By Stephen Cripps | firstname.lastname@example.org
Every year, hundreds of small Floridian communities will suddenly feel a bit more crowded as millions of travelers descend upon their tropical towns.
Even with snowbirds returning to their more temperate climates at the end of spring break, St. Augustine, Florida, looks forward to a profitable summer of tourism.
Some St. George Street business owners are eager for the oncoming storm of visitors, as more tourists means more profits.
Greg Abernathy at The Shell Shop is optimistic about the coming months.
“Tourism increases in the summer, and business does too,” Abernathy said. “Our business is best in July.”
St. Augustine’s claim as the oldest European settlement in the United States helps draw more to Abernathy’s souvenir and shell store.
“We have a lot of visitors from other countries coming in to St. Augustine,” said Abernathy. “It’s pretty much an international destination so we have people from all over the world.”
With such an influx of guests, many locals are adapting to feel more comfortable in their hometown. Sarah Langston, a local resident and Flagler student, finds tourism to be a nuisance.
“I live close enough to the hub of tourism,” said Langston. “Late at night, there’s always kids and tourists wandering through my street and being loud, keeping me up in a typically pretty quiet part of town.”
Her home isn’t the only part of St. Augustine where Langston feels uneasy.
“When tourists walk through and stop me while I’m going to class or trying to go to the art building after hours, that gets in the way and kind of holds me up,” said Langston. “It’s never enough to irritate me, but it’s enough to irritate me over the course of four years.”
Langston has taken measures to protect herself from harm as she walks home from campus each night.
“I always carry mace, pepper spray, and a sound grenade,” said Langston.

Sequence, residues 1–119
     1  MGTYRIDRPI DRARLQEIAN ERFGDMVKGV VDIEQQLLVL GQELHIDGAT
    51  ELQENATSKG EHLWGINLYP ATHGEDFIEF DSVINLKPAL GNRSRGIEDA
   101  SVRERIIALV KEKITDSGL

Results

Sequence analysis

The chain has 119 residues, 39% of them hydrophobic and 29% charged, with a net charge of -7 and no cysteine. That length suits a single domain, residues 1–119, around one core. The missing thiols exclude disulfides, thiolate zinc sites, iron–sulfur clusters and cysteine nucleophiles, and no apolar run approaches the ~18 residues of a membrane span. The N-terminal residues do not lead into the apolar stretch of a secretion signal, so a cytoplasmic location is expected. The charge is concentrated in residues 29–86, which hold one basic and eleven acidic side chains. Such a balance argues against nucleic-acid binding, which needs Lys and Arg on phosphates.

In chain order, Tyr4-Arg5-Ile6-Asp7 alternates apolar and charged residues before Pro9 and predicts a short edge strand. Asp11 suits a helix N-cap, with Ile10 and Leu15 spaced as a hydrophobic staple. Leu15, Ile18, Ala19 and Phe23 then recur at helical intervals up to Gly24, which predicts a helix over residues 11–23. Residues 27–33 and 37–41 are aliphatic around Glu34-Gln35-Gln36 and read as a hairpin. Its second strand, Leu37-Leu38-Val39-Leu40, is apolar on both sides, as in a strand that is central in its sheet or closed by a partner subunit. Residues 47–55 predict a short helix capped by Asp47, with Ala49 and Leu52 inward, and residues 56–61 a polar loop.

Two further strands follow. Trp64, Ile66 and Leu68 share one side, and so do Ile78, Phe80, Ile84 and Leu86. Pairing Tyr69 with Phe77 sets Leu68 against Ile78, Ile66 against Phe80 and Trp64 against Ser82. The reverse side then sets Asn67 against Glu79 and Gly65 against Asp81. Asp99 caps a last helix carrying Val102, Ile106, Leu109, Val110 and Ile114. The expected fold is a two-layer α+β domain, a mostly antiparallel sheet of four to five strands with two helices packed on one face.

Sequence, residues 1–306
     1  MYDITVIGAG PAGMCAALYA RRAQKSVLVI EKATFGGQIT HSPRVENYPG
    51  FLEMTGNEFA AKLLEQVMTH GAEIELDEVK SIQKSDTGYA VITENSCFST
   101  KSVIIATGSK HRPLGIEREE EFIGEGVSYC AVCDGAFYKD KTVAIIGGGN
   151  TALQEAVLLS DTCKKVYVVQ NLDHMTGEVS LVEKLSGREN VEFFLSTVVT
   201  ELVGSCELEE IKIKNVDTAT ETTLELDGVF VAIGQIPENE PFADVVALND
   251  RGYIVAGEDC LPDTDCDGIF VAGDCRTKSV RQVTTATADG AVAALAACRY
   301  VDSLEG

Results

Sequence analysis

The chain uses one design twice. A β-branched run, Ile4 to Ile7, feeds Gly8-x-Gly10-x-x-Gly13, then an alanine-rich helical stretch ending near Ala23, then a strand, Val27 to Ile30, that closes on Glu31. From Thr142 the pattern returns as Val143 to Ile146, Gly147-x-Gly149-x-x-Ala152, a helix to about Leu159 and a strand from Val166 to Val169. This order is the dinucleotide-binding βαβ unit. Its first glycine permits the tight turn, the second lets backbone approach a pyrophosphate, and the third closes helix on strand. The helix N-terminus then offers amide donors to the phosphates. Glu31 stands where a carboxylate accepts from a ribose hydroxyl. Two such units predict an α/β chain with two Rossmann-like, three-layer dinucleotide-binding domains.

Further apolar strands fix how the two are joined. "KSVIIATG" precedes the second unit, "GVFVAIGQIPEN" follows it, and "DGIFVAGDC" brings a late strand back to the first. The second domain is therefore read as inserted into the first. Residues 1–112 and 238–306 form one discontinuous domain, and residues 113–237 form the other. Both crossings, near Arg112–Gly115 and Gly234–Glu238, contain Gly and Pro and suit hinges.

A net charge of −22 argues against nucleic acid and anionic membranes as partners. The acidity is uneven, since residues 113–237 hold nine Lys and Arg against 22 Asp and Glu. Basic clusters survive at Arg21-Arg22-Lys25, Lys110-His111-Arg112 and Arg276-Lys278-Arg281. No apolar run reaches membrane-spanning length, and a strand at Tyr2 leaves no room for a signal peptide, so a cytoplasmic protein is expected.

However, like many locals, Langston believes the tourism industry is ultimately good for St. Augustine.
“That’s how St. Augustine makes most of its money. I know that for the city to improve we have to keep allowing tourists in, it just sucks that that’s what it comes to,” said Langston.
Community Affairs Officer Dee Brown at the St. Augustine Police Department is much more optimistic, especially when it comes to public safety during the summer.
“It’s what we do. The only thing that changes is we deal with a lot more people and traffic,” said Brown. “There’s no increase in calls or anything.”
The SAPD has already taken measures to ensure both locals and tourists are safe and can be at ease.
“We have enough officers in place, we patrol our areas, we are vigilant in everything we do. There’s no difference. This is what we train for yearly,” said Brown.
As for the tourism industry, Brown insisted there was no need to worry about rising crime, but rather tourists not understanding St. Augustine’s confusing map of one-way streets.
“We get people driving the wrong way, because they’re tourists,” said Brown. “Clearly the sign doesn’t change throughout the country, no matter where you drive, a one-way sign is the same everywhere in the United States. That’s mostly what we deal with.”
However, Brown acknowledged the increased risks with higher traffic and larger populations.
“When we do realize there’s a high volume of visitors here, we kind of make sure we’re visible enough in the high-traffic areas, or the areas where a lot of tourists are walking and crossing the streets so we don’t have any traffic fatalities,” said Brown.
St. Augustine is a tourist town. Just as Floridians prepare for hurricanes, they can prepare for tourists.
“We deal with about six or seven million tourists a year,” Brown said. “We do the same thing year-round. If we can get through Christmas, summer is nothing.”